Baby cries boost sex hormones in men
Hearing an infant crying can actually boost the sex hormone testosterone in men, a new study has found
According to Sari van Anders from the University of Michigan, the findings of the study highlight the complex interplay between hormones, behaviour, and an individual's perception of situations.
"Hormones and behaviour are linked in dynamic and complex ways, more complex than we often think," LiveScience quoted van Anders as saying.
"Hormones can change depending on the context, and our behaviours and perceptions can even affect these endocrine responses. So even the same situation can elicit different patterns of hormonal responses depending on how people behave or perceive the situation," she said.
In other research, she found that surging testosterone doesn't necessarily mean an increase in stereotypically masculine behaviours. In young men, for example, she found that individuals with higher testosterone levels have stronger acceptance of safe sex, despite stereotypes that such men would be sexual risk-takers.
Both human and animal research, however, has linked parenting to lowered testosterone levels in men; a few outlier studies have found that the sound of babies crying increases, rather than decreases, male testosterone.
"This completely contradicts theory and the larger body of evidence," she said. The discrepancy got van Anders and her colleagues thinking. After all, van Anders said, "parenting" is a broad behavioural umbrella, as, one can cuddle their children, or discipline them, or protect them from harm.
Perhaps different contexts and behaviours would yield different hormonal effects. So the researchers set up an experiment using interactive lifelike baby-dolls of the sort often used to teach high-school students about the responsibilities of parenthood. The dolls can make a variety of noises, including loud crying. The only way to stop the crying is to swipe a sensor bracelet on the doll and then to comfort it as you would a real baby.
Fifty-five men, mostly college-age, came to the lab one-by-one to try their hand at calming down these animatronic infants. Before they began, the men provided saliva samples for testosterone measurements, and also answered questions about their mood.
Next, they were assigned to one of four groups. Some of the men simply sat quietly, leafing through a book of photography, before giving a second saliva sample and heading home. These men were the control group.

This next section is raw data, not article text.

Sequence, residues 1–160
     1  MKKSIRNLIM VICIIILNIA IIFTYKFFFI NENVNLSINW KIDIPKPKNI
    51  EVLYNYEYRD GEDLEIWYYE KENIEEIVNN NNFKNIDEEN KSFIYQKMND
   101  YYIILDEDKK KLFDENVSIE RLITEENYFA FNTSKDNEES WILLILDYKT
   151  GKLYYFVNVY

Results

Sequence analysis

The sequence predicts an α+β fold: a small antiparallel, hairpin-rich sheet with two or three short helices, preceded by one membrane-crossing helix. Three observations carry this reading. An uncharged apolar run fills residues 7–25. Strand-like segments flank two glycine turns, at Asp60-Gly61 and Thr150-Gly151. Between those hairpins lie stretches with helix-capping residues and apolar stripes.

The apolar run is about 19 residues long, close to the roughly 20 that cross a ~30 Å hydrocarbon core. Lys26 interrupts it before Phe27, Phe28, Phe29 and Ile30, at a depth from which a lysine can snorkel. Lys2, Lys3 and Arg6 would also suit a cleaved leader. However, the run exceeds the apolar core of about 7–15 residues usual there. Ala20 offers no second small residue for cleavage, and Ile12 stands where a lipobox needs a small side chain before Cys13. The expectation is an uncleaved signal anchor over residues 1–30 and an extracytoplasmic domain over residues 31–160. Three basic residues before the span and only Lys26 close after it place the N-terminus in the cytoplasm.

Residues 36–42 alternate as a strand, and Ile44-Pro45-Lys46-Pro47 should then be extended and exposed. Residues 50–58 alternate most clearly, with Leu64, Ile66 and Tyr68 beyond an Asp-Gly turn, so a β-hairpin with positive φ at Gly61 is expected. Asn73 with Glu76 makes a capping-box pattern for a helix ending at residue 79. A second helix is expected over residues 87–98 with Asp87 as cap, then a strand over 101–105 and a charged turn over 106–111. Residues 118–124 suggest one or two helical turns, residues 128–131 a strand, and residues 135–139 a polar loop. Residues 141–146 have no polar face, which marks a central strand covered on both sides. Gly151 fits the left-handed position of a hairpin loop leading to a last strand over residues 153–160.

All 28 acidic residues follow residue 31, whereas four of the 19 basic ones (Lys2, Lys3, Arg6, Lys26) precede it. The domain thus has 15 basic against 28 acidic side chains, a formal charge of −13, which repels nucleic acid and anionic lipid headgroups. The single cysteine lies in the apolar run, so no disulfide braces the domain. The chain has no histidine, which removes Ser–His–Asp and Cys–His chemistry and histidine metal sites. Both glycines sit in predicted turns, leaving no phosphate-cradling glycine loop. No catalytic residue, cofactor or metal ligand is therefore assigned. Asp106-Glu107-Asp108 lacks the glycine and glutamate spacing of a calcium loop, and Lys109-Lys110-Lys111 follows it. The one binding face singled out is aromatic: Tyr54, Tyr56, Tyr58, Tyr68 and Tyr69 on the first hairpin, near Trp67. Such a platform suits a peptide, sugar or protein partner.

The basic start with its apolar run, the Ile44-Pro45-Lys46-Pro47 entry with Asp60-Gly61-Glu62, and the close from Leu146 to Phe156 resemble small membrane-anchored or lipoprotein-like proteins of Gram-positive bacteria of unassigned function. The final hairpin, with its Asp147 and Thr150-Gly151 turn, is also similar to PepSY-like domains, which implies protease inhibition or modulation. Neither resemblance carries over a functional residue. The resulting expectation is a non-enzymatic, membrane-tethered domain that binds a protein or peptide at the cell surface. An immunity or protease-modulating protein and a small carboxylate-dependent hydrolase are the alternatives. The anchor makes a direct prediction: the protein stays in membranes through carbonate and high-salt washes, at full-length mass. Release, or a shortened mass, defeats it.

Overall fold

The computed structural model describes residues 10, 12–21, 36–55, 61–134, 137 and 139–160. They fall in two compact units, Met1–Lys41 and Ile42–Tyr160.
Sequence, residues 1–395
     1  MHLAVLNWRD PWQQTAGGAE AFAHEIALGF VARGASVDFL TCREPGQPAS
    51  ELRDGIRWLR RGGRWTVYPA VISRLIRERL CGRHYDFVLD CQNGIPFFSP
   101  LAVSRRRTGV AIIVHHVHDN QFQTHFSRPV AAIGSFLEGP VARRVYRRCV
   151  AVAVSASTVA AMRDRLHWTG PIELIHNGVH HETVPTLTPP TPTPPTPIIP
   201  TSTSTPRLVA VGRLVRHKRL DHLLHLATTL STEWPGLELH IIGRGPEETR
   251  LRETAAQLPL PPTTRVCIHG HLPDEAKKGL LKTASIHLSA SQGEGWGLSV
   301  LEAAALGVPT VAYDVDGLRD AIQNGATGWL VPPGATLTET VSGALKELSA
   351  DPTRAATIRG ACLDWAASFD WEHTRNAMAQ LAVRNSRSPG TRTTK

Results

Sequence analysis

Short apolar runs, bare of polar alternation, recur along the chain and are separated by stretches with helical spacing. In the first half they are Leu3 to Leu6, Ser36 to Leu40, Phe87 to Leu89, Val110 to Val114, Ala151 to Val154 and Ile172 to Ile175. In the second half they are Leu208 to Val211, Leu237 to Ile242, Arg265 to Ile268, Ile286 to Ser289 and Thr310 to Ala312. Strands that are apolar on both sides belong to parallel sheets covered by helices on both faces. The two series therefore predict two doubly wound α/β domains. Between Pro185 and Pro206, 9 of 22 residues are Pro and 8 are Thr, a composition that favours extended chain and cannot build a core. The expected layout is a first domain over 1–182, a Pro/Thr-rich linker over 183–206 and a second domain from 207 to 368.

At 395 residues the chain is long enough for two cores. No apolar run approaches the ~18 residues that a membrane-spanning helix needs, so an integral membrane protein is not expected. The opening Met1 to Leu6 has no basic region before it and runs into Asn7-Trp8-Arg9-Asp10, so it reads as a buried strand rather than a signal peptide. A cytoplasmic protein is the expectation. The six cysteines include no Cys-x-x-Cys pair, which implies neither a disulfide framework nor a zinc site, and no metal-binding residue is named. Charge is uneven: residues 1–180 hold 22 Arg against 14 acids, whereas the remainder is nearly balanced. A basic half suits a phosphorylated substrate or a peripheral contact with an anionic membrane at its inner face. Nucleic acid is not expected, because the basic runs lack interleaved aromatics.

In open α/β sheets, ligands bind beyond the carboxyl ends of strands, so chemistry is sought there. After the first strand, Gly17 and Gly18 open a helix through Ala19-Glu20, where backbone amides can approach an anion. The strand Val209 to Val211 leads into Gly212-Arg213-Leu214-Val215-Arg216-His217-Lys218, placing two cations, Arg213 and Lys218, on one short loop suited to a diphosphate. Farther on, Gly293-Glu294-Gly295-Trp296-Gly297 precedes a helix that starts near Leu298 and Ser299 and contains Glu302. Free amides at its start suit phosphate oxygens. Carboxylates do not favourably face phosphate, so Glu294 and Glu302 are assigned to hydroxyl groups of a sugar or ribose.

The other three groups all experienced a short stint with an upset baby-doll, programmed to cry with increasing intensity for about eight minutes. Some of the men were given the sensor and told to comfort the baby. Others were told to comfort the baby, but were not given the sensor, so their efforts were doomed to fail. Men in the third group only heard the baby cries via recording, and had no chance to stop the wailing.
The dolls "are so realistic, they can be almost kind of creepy when you first realize they're not real, but it's really quite amazing how invested people do get", van Anders said.
"They really, really want to help the baby calm down. It's sort of hard to believe if you've never seen it,' she said.
After their attempts to calm the baby-dolls, the men provided a second saliva sample so that researchers could measure changes in their testosterone over the experiment.
The results confirmed van Anders' suspicion that different situations would have different hormonal effects. The men who comforted the babies unsuccessfully saw no testosterone changes. But men who got to soothe the crying doll saw their testosterone levels drop by 10 percent.
Those who only heard the cries and couldn't respond, on the other hand, experienced 20 percent increases in their testosterone levels. According to van Anders, the opposing hormonal changes could be linked to different parenting behaviours.
"Hearing an increasingly upset baby, with shrieking cries that are rising, without being able to provide a nurturant response might cue a danger or emergency physiological response for infant protection," she said.
That could spur a flood of testosterone, as theories have linked higher testosterone to just this type of "I will protect you" behaviour. Meanwhile, the nurturing men were busy providing close and warm care, potentially stimulating a drop in testosterone.
The study will be published in an upcoming issue of the journal Hormones and Behavior.
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